How to Create Nested Routes with React Router and Hooks — An In Depth Project Summary

I walk through how I created a note-taking app with nested routes using react-router-dom and react-router hooks.

I wrote several blog posts recently about implementing react-router to create nested routes in a note-taking app. Since at the time I was still working through understanding how react-router works, I wanted to write a new summary post that lays out more clearly how I’ve implemented react-router in this app.

There are some decent observations in those previous posts, but I think this post should be most the complete and coherent, since the app is finally done and deployed. You can check out the live demo here: Chromatic Notes and the code here on Github.

This is the structure of the app, the component hierarchy. For the sake of clearly remembering for myself how this is all strung together in the future, and hopefully to help any readers understand more clearly, I have overlaid onto the component hierarchy the routing relationships between components. There are those components that contain react-router Links, and other components that contain react-router Routes, which wrap child components.

Route children are rendered when a Route’s path prop corresponds to the URL in the address bar. The address bar URL is changed by clicking a Link, which I believe just returns a simple HTML <a> tag.

Remember, the Link fires first, the Route reacts and renders its child.

That diagram is fairly abstract. I think it’s easier to understand routing by looking at the app’s actual UI, and then alternating between looking at that and looking back at the diagram.

Above, you can see the main Link-bearing components, which are really collections of components made by transforming arrays into React components. The collection to the left is a grid and on the right we have a list. On the left side if you click on the dark green NotebookCard, the right side displays the dark green TableOfContents.

How does this happen?

In App.js, we map over an array of notebooks to create the left side grid, transforming each notebook POJO (plain old JS object) into a NotebookCard component. The NotebookCard itself has a react-router Link component, whose “to” prop points to a URL that corresponds to the TableOfContents component of a particular color (or to be precise, the URL corresponds to the path prop of the Route enclosing the particular TableOfContents component). That Link looks like this: <Link to={`/${props.color}`} >

In App.js, we also map over that same array of notebooks to create a Route component for each notebook; each of these Route components wraps a TableOfContents component, and each Route has a path prop pointing to a path value using the notebook’s color property as a unique identifier, like so: path={`/${notebook.color}`}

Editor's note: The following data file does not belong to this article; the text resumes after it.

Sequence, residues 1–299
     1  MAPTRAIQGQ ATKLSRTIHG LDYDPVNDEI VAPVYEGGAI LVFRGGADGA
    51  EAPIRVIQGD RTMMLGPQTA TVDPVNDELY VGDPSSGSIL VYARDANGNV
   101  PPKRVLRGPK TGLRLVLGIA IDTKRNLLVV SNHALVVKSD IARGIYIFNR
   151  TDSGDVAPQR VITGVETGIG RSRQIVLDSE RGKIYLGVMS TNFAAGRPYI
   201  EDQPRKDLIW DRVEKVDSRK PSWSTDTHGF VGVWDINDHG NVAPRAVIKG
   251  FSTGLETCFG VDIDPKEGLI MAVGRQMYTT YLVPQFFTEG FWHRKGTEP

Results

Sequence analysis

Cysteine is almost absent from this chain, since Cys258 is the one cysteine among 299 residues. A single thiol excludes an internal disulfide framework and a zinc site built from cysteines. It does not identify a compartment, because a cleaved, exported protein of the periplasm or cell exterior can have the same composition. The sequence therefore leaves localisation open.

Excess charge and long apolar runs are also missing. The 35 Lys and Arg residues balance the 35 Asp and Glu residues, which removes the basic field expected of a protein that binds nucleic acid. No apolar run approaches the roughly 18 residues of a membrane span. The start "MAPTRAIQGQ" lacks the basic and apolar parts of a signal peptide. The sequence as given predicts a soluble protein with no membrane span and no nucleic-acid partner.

This pattern repeats but it gets a little bit harder at the next level where we are nested deeper in the app. In the TableOfContents component, instead of mapping over an array of notebooks, we map over each notebook’s notes array to generate two types of child components: 1) a list of NotePreviewCards enclosing Links that will populate the TableOfContents, and also a list of NotePage components, each one enclosed in a Route, which will render the NotePage and replace the TableOfContents component on the screen when the Link ( 📖 ) in the NotePreviewCard is clicked.

So remember, the Link fires first, the Route reacts and renders its child.

What is slightly harder here, is that since we are nested, we now have to continue appending unique identifiers onto other unique identifiers in our Links and Routes. We either need to pass down routerProps to the components that need it, or we can instead use react-router hooks.

What is nice about using react-router hooks is that it frees us from having to prop drill routerProps, but rather in the component that needs access to routerProps, we can simply invoke hooks like useRouteMatch and useParams.

This is exactly what I did inside of the NotePreviewCard, which needs to access the URL property in order to pass it as a prop to its Link. Since NotePreviewCard is not a route itself, I don’t know of a good way to get it routerProps except by passing routerProps down from a parent component rendered by a Route, i.e., prop drilling.

To elaborate, for the NotePage component, since it is getting rendered by a route component, we naturally have access to routerProps by rendering the NotePage component inside of the route’s render prop.

You can see the difference here:

After merging routerProps into NotePage’s props, if I console.log props in the NotePage component, you can see that within its props, I have access to all of the keys of the routerProps object, i.e., the history, location, and match objects.

Since I do not have access to routerProps in the NotePreviewCard, since it’s not wrapped by a Route, I would have to use prop drilling to merge routerProps into its own props. Instead of this, I can just invoke a react-router hook inside of the NotePreviewCard, and in that way cleanly get access to exactly the piece of information from routerProps that I need, instead of getting the entire object.

URLs go with the Link components, so in NotePreviewCard, I invoke useRouteMatch and pull the URL key out of the match object.

With that, I build the correct link by appending props.id (the unique id for the note) onto the url (the unique identifier for the TableOfContents. e.g., “dark-green”) The resulting concatenated url would look like “/dark-green/33” or “/light-blue/2”.

When that Link is clicked, the address bar url changes, and the corresponding Route renders its child component, a NotePage, on the right side:

Software Engineer and Chinese Language Nerd

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